Obituary: Rev. Taihaku Gretchen Priest | Obituaries | Seven Days | Vermont's Independent Voice

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Obituary: Rev. Taihaku Gretchen Priest 

A founding abbot of Woodbury's Shao Shan Temple embodied the Buddhist teachings of compassion and caring

Published June 7, 2021 at 6:15 a.m. | Updated June 7, 2021 at 10:32 p.m.

click to enlarge Rev. Taihaku Gretchen Priest - COURTESY PHOTO
  • Courtesy Photo
  • Rev. Taihaku Gretchen Priest

Having lived a life full of exuberance, caring and miraculous experiences, Rev. Taihaku Gretchen Priest passed away suddenly and peacefully in the early morning hours on Monday, May 24, 2021. As the founding abbot of Shao Shan Temple — a small Soto Zen temple in Woodbury, Vt. — she lived a life that influenced and inspired many people to find the still center in meditation. Her way of being in the world so beautifully embodied the Buddhist teachings of compassion and caring that she connected easily with people from all walks of life. She was capable of doing anything she chose — she could design and build a temple, train at a strict Soto Zen monastery in Japan, replace a toilet, grow basketball-size rutabagas, and create five-star culinary delights — all while having an immense amount of fun.

She was born in Marblehead Mass., and her early years were characterized by a love of sailing and art. She often used sailing as a metaphor in her teachings and loved the intimate connection with the wild natural world of wind and water. Her artistic talents continued to manifest as construction projects in which she cared for minute details.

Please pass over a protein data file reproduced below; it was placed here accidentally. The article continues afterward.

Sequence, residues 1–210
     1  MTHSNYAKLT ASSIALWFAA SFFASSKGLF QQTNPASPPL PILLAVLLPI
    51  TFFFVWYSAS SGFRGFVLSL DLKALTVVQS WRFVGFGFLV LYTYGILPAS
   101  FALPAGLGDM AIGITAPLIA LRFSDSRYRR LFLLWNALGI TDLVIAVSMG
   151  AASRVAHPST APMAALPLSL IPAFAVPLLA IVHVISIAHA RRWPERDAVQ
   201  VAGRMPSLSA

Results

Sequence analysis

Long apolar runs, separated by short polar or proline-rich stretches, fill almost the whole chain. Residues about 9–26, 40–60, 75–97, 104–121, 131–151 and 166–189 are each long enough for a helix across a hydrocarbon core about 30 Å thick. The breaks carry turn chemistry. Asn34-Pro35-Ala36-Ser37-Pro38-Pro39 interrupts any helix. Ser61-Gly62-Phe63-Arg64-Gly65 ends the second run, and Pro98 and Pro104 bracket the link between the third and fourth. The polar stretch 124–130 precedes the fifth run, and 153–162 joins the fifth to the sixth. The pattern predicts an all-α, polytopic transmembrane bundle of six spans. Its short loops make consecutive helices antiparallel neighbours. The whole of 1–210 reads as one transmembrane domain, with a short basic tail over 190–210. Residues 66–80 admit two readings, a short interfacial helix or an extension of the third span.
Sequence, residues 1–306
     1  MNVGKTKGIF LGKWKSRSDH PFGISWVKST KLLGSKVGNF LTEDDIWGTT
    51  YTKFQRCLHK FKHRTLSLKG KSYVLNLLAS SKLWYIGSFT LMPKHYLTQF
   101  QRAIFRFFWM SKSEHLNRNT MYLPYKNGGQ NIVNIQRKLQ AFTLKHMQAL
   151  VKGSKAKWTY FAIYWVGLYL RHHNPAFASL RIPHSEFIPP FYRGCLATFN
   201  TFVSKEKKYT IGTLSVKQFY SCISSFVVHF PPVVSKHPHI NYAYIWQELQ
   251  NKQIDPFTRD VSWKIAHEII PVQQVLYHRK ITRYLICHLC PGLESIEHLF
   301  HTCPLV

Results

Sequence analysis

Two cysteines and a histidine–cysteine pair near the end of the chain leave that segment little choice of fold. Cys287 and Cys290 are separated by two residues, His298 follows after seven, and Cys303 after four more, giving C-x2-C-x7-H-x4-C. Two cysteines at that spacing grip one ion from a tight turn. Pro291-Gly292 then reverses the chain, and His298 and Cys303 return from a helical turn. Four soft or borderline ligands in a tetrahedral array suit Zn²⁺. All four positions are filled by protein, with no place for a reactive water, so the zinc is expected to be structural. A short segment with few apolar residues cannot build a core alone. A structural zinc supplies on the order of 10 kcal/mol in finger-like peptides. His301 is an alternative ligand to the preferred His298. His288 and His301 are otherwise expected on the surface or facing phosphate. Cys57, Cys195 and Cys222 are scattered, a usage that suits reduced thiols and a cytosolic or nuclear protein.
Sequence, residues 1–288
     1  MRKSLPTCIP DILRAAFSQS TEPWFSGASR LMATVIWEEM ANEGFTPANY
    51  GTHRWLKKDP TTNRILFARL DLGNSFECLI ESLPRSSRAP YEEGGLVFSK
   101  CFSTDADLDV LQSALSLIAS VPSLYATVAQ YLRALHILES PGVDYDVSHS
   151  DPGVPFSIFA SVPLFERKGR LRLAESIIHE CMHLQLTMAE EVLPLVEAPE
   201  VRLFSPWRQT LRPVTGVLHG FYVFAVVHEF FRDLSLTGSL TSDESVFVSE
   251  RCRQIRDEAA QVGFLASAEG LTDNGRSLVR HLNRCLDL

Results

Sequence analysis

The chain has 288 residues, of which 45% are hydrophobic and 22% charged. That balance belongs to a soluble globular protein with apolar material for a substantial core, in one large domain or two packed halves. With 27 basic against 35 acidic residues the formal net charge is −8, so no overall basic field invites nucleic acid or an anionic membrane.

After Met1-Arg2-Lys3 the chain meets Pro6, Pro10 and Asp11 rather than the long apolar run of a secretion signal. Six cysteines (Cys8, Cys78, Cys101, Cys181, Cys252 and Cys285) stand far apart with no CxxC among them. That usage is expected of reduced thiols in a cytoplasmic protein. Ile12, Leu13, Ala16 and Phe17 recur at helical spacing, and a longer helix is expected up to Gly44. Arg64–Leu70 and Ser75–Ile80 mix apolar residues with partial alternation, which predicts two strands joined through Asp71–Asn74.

Taihaku Gretchen Priest was a loving and playful mother and grandmother, and her life continues through her family — in particular, her daughter and family, Leafye Pante, Marcus, Amelia and Sebastian; her son and family, Eben Broadbent, Angelica, Liana and Kai; her sister, Laury Lacy; and her brother, Robert Bradley Priest. Her life and legacy also continue through her dedicated Zen students, and her Dharma Heir, Kenzan.

The family has suggested that in lieu of flowers, donations may be made to Shao Shan Temple via

A loving visionary, Rev. Taihaku Nichiren Daiosho, often spoke of the “700-year plan” for Shao Shan Temple’s continuation — a continuation well beyond her life and well beyond yours or mine. May we also be inspired by her vision to care for the present in a way that considers generations to come.

Arrangements are in care of the Ready Funeral & Cremation Service. To send online condolences to her family, please visit

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